As someone who feels more at home in Hyderabad than anywhere else in the world, I obviously want my city to demand the same amount of awe as some of the bigger cities. When people say “I am from Mumbai” or “I am a Delhi girl” or “I grew up in New York”, they expect us to fill in the blanks and understand everything about them. When I say I am from Hyderabad, all I get in response is “Man, I love your biryani.”
Well, 8 million people should not be defined by the taste of their admittedly awesome biryani. Hyderabad is a small city. The kind of city that people don’t write songs about. It is as infamous for its unrefined palate as it is famous for its caution-to- the-wind appetite. It is part rustic charm and part globalized metropolis. The diversity of its residents is well beyond what a city this size can afford, and that leads to an uneasy equilibrium.
A city that has been home to a flourishing kingdom, a city that was under siege and forced into India, and more recently, a city that was the eye of a political storm that affected 85 million people for over a decade, Hyderabad has a lot to say. Yet there are surprisingly few stories about this enchanting city, because the people from there are just that – more chilled out and less dramatic. And that is a problem. Not having a voice is not having an identity. People from Hyderabad are often bunched together with other cities, and almost never allotted the dignity of recognizing its uniqueness.
Yet, I know that we are as unique as the people of any other city because I can spot a fellow Hyderabadi from a mile away. So then, what is the spirit of being Hyderabadi, what is this ethos that we carry with us across the world? I want to say that we are easy-going, but then we do have a few high-strung people. I want to say that we are down to earth, but then we have our fair share of ostentatious personalities. I want to say that we are charming small towners, but then we are not charming every so often. I want to say we are an under-appreciated artistic community, but that might be in just my head. So what is that one thing that defines us and sets us apart from everyone else?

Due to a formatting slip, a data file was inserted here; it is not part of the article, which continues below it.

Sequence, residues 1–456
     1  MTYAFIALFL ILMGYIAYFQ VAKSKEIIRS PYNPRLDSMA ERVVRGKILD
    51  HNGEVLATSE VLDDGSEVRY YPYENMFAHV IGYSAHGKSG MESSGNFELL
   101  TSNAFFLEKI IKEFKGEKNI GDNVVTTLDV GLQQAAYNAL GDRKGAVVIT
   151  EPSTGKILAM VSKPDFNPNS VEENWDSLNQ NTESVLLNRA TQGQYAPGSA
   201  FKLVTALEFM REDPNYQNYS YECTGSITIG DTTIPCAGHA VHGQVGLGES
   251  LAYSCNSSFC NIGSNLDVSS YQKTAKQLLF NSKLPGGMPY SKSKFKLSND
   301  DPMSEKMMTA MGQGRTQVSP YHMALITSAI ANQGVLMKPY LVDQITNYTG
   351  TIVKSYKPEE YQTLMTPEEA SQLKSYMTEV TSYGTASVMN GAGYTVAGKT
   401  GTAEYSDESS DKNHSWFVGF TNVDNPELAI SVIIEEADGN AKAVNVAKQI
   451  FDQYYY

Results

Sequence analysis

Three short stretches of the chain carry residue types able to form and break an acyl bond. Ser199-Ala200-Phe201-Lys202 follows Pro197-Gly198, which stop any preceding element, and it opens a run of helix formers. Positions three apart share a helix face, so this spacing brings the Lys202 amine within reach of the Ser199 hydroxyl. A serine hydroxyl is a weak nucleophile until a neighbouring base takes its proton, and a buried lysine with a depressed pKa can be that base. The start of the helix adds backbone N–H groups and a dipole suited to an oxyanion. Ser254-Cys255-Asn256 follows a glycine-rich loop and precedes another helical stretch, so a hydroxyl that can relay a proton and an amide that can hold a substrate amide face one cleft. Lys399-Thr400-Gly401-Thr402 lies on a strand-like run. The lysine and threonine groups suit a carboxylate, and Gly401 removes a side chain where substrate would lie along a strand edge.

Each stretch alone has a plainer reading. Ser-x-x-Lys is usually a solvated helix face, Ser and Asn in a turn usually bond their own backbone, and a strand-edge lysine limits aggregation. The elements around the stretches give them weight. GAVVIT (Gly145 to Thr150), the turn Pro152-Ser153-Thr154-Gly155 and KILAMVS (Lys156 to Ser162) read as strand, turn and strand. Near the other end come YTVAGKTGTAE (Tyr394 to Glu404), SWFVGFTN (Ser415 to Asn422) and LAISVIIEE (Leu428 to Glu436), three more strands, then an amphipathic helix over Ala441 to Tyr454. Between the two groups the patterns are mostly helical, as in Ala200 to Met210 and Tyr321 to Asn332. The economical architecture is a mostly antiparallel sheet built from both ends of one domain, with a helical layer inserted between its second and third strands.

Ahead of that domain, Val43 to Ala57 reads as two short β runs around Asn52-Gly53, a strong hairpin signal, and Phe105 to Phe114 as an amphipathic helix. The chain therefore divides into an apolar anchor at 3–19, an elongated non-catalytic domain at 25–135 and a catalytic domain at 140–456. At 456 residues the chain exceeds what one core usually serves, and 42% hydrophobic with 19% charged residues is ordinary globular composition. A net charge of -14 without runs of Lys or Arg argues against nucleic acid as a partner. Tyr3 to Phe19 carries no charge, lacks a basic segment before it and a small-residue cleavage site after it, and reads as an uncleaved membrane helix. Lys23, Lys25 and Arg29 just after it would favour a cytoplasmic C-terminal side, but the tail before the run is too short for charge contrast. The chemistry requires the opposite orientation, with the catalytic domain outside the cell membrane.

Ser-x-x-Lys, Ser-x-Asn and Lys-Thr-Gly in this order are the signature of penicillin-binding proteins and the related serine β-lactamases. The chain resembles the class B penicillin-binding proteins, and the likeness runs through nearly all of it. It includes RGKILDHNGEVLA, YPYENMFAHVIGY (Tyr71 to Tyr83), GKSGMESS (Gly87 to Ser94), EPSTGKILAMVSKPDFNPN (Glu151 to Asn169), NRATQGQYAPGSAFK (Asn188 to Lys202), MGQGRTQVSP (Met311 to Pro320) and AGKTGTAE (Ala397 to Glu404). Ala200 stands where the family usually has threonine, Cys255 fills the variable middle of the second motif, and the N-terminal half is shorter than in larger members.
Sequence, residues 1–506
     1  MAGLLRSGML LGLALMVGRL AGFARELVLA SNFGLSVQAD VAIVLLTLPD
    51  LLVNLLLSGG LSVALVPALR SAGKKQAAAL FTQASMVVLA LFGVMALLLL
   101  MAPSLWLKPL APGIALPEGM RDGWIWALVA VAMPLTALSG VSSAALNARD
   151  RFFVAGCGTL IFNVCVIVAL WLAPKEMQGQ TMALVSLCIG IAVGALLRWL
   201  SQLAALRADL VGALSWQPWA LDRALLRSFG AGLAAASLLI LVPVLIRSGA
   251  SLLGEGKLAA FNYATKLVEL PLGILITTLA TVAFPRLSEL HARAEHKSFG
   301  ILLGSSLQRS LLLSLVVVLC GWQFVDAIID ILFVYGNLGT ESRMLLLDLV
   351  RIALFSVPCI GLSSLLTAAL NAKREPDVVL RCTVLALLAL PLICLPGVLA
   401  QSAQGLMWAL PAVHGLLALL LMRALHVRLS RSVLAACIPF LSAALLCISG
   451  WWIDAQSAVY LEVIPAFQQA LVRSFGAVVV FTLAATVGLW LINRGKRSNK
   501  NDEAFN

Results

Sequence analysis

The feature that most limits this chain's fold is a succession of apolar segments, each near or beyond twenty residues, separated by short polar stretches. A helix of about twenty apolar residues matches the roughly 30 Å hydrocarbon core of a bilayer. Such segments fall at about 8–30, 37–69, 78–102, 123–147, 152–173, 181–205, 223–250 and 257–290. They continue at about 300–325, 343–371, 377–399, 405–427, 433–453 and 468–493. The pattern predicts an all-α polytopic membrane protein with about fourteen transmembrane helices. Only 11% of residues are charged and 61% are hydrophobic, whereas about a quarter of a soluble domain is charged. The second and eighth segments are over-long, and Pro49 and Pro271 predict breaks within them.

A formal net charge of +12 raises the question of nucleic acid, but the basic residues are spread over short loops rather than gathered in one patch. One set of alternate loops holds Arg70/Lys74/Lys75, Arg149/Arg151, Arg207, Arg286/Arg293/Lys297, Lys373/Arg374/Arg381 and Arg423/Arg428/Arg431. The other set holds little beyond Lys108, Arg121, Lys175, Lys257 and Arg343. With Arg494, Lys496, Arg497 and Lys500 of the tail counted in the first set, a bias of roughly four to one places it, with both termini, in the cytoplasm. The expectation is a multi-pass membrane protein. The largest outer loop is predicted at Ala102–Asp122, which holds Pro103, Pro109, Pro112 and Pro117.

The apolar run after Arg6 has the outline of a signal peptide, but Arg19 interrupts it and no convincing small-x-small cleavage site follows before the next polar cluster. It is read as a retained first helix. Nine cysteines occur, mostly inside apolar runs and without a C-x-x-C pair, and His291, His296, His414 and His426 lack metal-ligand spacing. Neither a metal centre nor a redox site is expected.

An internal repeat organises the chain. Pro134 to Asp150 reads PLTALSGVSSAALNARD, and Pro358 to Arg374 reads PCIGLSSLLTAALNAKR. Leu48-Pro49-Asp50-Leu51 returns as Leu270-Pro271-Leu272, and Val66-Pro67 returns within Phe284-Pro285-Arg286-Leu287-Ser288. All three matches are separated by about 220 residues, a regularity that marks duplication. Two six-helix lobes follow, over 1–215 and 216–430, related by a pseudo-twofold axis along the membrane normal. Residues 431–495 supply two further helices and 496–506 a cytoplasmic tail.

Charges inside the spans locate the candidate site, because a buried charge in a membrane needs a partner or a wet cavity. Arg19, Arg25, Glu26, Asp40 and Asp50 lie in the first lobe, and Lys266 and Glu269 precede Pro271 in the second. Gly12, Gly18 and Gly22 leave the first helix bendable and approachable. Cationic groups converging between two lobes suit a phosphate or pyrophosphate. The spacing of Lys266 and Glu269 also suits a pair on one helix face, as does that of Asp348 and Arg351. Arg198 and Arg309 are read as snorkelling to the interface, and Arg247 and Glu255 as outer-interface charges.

I have fiddled with that question over the last 15 years – ever since I left Hyderabad for the first time and met with expat Hyderabadis all over the world. Now I realize that the answer was staring at me in the face all this time, but it was so obvious that it was invisible. Hyderabad is a city where legendary friendships are born. I cringed at using the word “legendary” for a bit, but then I realized that there is no other way to define them.
If you are not from Hyderabad but have a friend from there, I dare you to say that it is not true. If you are from Hyderabad, then you know what I am talking about. The combination of a laid back atmosphere, a nothing to lose perspective and being the right-sized city when we were growing up gave us this amazing opportunity that no other place does. People are either too busy or too focused or too result-driven in most cities of the world. But not us – at least not the ones born in the 20th century.
Our friendships are defined by the liberties we take with each other, by the extent to which we go to help out a friend. We may spend most of our time just hanging out and messing around, maybe we do not have “deep” conversations, but the way I see it, we don’t need them. We can literally knock on anyone’s door at anytime and ask for anything – friendship without barriers.
Kids that grow up in Hyderabad make friends for life. I will not patronize you by attempting to define friendship here, but if you have ever run into a Hyderabadi, then you already know this from experience. So I hope the next time I introduce myself as someone from Hyderabad, you know exactly who I am, a guy with some serious friends.
And hopefully you will be one of them.